Wall Street Journal reminds us that the "SEC proposed new rules in March designed to guard against calamities brought on by haywire program trading." While exchanges have been denying the need for these regulations, recent events may erode their argument.

[Why is Goldman Sachs, suffering from trading glitches?]

Yesterday evening's statement from Nasdaq concluded: "NASDAQ OMX will work with other exchanges that are members of the SIP to investigate the issues of today, and we will support any necessary steps to enhance the platform." Becca Lipman is Senior Editor for Wall Street & Technology. She writes in-depth news articles with a focus on big data and compliance in the capital markets. She regularly meets with information technology leaders and innovators and writes about cloud computing, datacenters, ... View Full Bio

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salvatoresferrazza
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salvatoresferrazza,
User Rank: Apprentice
9/4/2013 | 3:24:01 PM
re: Nasdaq's Investigation Continues After 'Flash Freeze'
I've been thinking about this quite a bit lately and frankly think the word should be banished from the technologist's lexicon entirely. It holds us back, becoming a very convenient device to use as shorthand for "complexity debt collection." Indeed, as Kathy mentions above, it does provide a good accountability smokescreen.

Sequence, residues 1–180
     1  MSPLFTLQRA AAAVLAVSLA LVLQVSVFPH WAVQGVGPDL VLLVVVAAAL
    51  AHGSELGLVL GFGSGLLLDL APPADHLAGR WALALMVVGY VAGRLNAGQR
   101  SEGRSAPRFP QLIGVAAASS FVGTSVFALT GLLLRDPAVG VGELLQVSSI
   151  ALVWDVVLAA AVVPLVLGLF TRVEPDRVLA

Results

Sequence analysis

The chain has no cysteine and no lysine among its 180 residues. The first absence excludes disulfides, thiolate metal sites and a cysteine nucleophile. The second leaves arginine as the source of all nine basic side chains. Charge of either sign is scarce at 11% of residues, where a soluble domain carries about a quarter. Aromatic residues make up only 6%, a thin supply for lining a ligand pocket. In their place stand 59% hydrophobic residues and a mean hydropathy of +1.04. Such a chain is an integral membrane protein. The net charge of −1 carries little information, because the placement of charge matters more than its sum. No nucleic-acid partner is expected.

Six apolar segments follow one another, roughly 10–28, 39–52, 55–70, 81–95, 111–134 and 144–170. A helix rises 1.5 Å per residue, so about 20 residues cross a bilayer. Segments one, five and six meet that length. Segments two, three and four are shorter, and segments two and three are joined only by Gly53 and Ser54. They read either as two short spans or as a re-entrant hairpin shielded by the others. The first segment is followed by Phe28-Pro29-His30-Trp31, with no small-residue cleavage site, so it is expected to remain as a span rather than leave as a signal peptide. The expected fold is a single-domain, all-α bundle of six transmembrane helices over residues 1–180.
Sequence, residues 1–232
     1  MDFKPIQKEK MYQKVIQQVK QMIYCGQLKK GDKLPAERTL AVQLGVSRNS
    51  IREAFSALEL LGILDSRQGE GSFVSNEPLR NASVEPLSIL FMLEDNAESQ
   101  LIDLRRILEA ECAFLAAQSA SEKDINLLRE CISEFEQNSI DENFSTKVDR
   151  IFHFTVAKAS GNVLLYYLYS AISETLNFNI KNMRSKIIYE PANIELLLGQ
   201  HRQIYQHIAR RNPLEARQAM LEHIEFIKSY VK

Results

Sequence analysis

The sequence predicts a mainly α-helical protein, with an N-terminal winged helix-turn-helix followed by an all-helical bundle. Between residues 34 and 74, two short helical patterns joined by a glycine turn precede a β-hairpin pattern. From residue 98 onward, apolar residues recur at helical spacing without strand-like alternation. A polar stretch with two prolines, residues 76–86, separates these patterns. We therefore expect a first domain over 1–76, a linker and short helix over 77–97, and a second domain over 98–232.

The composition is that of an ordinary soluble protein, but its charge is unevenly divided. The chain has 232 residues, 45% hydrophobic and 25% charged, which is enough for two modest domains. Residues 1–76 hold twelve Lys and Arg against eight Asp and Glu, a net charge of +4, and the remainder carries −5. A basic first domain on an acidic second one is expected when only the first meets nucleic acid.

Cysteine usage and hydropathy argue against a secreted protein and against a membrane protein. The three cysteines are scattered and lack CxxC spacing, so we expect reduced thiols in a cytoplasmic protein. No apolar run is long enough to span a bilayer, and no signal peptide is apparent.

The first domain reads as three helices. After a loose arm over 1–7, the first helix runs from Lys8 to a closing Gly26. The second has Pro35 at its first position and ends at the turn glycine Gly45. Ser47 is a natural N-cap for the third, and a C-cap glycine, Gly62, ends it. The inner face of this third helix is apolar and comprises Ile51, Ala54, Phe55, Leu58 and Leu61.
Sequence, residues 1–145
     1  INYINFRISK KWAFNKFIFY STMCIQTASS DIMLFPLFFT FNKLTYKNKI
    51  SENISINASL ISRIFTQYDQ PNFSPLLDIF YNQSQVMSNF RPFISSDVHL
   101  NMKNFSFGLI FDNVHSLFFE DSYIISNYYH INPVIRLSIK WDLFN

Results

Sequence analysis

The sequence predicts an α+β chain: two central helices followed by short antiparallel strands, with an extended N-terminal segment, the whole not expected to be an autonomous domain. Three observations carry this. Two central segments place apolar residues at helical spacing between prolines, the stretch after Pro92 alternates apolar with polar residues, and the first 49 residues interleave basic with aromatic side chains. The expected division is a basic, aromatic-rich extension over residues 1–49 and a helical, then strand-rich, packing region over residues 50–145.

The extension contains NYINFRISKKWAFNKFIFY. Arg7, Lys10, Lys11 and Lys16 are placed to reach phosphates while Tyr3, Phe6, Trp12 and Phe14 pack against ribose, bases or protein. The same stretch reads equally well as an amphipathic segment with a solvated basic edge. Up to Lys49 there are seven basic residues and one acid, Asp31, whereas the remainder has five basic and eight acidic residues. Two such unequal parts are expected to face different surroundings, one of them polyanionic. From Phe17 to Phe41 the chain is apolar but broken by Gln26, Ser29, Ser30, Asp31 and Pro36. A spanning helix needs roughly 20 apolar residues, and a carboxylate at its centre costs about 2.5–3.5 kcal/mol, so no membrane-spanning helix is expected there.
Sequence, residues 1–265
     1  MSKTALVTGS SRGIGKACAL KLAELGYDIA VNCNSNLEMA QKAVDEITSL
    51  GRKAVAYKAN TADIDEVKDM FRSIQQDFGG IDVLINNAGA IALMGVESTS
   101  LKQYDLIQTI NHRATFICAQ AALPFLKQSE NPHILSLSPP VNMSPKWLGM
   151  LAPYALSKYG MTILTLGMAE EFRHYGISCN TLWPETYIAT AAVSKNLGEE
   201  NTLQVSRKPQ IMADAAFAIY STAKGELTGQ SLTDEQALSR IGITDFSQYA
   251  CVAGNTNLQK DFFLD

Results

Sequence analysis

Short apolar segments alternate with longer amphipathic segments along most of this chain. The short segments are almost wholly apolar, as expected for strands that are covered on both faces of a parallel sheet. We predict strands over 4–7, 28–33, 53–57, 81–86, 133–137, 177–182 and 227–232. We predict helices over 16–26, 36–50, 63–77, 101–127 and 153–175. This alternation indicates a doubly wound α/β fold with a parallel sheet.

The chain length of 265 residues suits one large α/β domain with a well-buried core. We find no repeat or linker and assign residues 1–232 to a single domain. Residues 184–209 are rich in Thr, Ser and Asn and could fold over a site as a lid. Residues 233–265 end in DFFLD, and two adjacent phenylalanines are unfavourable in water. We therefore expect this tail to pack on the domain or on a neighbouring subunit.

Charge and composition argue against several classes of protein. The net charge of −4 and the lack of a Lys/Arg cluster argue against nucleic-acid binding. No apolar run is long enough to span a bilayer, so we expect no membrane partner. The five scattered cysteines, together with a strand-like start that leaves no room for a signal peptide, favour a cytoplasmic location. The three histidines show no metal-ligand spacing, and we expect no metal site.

IvySchmerken
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IvySchmerken,
User Rank: Author
8/27/2013 | 3:50:09 PM
re: Nasdaq's Investigation Continues After 'Flash Freeze'
Retail order flow is often going direct to brokerage firms that are called "internalizers" that match buyers and sellers. The online brokers are paid for their order flow. So if you trade as a retail investor, your orders are not necessarily going to the exchange. Exchanges have been complaining about this to regulators. Internalizers will give you the best price in the market - based on the consolidated feed from the SIP. That opens up another can of worms, since last Thursday, the SIP feed was not working properly for Nasdaq -listed securities, causing Nasdaq to halt the market.
Joe Brunner
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Joe Brunner,
User Rank: Apprentice
8/24/2013 | 8:35:12 AM
re: Nasdaq's Investigation Continues After 'Flash Freeze'
Imagine you never walked into your favorite Casino again. Imagine nobody else ever did. The pretty machines, carpets, tables and girls serving drinks would all turn to dust... that's what happening in the financial markets... the longer the retail "investor" stays away and doesn't loose money to them in their Schwab or E-Trade account - the more these "crashes" will happen. The Casino (Nasdaq) needs our money guys... we should start trading again...
joeaffmdsys
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joeaffmdsys,
User Rank: Apprentice
8/24/2013 | 8:35:12 AM
re: Nasdaq's Investigation Continues After 'Flash Freeze'